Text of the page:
Don’t look now, but your employer may have already pulled 3 percent to 6 percent of your wages into the company 401(k) retirement plan.

Under the Pension Protection Act of 2006, the federal government made it easier for employers to automatically enroll workers in retirement plans — if those workers fail to do so voluntarily.

Workers may tell their employer to end the retirement investments. But the government figures that many people who were too preoccupied to sign up for retirement savings also won’t bother to stop retirement deductions the company set up for them.

The law and rules adopted under the law “will help many more workers and their families build a nest egg for a secure and comfortable retirement,” Labor Secretary Elaine Chao said in a recent announcement.

In that announcement, the Labor Department took the next step and gave employers guidelines for making investment choices for workers who fail to select investments of their own.

The rules are expected to increase retirement savings in 401(k)-type plans by $134 billion by 2034.

“It’s probably the most important, innovative regulation that’s been issued from the Pension Protection Act of 2006,” said Andrea Baroncelli, director of client services at Maul Capital Management in Las Vegas.

The Labor Department was concerned that many employers were investing the 401(k) money of automatic enrollees in money market accounts or stable value funds. Advisers consider these investments too conservative to be relied upon as the sole asset held for a long-term purpose such as retirement.

“This regulation will ensure that workers in qualified default alternatives are automatically invested in a mix of fixed income, (stock) and other assets appropriate for long-term retirement savings,” Assistant Labor Secretary Bradford Campbell said in a statement.

The new rules specify several ways an employer can make the selection.

The most popular appears to be target retirement or life-cycle funds based on when the employee is likely to retire. These mutual funds typically are aggressive with large percentages of stock for an employee who will not retire for decades. The funds slowly shift more money into conservative, fixed-income products as the worker approaches retirement.

The business also may designate a mix of investments that is suitable for employees as a whole, rather than as individuals. A balanced fund that includes both stocks and bonds is an example of this option.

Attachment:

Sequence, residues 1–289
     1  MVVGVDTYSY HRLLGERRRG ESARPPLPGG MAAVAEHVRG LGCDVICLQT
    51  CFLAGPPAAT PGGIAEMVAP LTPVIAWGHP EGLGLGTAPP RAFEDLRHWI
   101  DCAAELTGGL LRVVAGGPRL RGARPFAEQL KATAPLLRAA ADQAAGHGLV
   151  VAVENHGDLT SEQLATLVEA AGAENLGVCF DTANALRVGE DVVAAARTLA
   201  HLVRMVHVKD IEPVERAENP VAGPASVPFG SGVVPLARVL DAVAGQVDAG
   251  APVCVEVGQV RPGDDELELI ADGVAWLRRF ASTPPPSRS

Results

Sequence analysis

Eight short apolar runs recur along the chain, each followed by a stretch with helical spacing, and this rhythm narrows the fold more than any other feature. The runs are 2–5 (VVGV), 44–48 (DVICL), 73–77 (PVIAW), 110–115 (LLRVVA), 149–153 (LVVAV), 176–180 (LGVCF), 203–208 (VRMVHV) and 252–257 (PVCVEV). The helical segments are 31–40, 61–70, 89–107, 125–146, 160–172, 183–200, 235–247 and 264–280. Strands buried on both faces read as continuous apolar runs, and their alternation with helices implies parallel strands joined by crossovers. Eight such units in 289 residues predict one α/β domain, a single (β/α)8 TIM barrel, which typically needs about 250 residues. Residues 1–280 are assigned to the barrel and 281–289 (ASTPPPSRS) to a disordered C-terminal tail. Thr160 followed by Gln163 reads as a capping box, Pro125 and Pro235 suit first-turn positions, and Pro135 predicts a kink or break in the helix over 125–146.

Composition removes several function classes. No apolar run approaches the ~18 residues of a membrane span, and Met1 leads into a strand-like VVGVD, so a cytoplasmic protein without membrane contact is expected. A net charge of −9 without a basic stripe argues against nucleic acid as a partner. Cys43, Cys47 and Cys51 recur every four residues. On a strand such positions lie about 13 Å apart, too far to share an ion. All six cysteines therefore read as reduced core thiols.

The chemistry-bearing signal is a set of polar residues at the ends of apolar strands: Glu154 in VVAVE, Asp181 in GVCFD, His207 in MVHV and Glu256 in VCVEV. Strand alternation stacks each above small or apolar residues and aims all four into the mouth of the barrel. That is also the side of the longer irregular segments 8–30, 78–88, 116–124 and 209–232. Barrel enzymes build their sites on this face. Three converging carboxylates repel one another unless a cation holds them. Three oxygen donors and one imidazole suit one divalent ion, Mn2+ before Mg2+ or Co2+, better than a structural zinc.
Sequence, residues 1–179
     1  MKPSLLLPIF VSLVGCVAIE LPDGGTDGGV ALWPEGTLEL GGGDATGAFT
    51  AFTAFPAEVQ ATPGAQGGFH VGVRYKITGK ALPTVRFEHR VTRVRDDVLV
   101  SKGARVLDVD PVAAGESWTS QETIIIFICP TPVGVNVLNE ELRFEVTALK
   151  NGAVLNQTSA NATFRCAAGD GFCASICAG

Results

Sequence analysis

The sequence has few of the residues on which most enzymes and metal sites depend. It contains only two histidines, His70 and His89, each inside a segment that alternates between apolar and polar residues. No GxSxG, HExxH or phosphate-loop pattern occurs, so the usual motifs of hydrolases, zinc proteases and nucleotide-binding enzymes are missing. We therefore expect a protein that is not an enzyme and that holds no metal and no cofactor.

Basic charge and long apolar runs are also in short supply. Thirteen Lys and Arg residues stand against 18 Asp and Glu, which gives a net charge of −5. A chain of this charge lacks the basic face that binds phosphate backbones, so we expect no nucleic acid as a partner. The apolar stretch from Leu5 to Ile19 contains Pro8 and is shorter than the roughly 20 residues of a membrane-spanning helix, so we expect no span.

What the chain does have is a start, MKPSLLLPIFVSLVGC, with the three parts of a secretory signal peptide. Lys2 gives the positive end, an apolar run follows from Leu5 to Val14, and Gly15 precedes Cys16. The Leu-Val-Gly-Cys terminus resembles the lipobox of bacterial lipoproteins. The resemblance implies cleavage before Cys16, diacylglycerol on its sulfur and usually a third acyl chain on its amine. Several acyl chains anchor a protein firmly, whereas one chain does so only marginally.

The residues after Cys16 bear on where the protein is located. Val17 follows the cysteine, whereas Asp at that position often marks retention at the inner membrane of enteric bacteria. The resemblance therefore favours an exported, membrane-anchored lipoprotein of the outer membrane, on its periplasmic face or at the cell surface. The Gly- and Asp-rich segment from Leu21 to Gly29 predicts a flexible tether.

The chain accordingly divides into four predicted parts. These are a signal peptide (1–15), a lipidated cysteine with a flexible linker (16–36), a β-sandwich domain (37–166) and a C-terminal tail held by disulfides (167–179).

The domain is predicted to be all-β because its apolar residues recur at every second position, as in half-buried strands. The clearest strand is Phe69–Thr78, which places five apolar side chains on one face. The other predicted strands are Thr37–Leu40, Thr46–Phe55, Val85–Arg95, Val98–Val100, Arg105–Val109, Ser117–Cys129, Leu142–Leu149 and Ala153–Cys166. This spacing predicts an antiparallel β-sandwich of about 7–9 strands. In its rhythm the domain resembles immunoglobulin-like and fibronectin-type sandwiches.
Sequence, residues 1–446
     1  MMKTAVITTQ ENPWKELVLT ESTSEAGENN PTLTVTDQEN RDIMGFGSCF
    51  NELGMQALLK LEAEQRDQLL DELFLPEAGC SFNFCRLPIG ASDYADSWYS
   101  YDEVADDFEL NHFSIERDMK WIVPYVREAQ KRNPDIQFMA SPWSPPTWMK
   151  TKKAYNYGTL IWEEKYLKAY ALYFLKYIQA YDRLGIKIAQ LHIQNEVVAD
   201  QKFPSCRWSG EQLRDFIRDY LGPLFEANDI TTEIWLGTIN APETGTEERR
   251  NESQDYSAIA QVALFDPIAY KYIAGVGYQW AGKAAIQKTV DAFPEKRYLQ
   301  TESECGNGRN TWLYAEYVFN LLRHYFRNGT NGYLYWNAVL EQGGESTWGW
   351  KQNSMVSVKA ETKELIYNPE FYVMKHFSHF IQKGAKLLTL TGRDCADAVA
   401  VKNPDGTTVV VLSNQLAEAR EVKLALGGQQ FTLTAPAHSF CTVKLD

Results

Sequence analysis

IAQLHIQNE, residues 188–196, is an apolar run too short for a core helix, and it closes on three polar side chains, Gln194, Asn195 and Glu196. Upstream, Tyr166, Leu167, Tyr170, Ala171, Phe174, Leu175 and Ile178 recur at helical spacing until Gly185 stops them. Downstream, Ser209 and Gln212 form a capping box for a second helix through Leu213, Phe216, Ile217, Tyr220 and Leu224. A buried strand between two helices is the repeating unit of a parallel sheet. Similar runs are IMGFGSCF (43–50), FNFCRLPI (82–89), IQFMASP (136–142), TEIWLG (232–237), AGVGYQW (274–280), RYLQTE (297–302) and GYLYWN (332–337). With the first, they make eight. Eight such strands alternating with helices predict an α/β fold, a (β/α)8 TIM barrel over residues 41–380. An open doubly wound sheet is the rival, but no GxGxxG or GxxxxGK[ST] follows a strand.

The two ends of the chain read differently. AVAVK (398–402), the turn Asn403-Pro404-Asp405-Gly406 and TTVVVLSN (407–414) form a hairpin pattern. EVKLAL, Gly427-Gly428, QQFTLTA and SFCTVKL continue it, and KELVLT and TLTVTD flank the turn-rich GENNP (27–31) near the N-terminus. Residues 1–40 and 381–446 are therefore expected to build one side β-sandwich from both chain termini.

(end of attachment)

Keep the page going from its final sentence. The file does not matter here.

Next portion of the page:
The guidelines provide that an employer can push the workers’ money into a money market fund or stable value fund. Stable value funds generally offer higher interest than money market accounts and yield a fixed interest rate.

However, the Labor Department recommends that the employer keep the worker’s money in a money market account or stable value fund only for the first 120 days of participation.

Analysts consider money market funds and stable value funds too conservative to grow sufficiently for a long-term goal such as retirement.

“For long-term investments, stable value and money market funds accounts are not appropriate,” aid Pamela Hess, director of retirement research at Hewitt Associates, a human resources consulting firm based in Lincolnshire, Ill.

The new default investment options, she said, are “a great way for employees to go on auto-pilot and still meet their long-term goals.”

Hess praised Chao for refusing to go along with industry representatives who favored money market accounts and stable value funds as the default investment choice.

“This is a real shot in the arm to the American worker to encourage them to participate in their 401(k),” Baroncelli said.

Only about 30 percent of Americans are participating in 401(k) programs at work, Baronceilli said.

Even small businesses with several employees can establish 401(k) plans, she said.

Contact reporter John G. Edwards at or (702) 383-0420.




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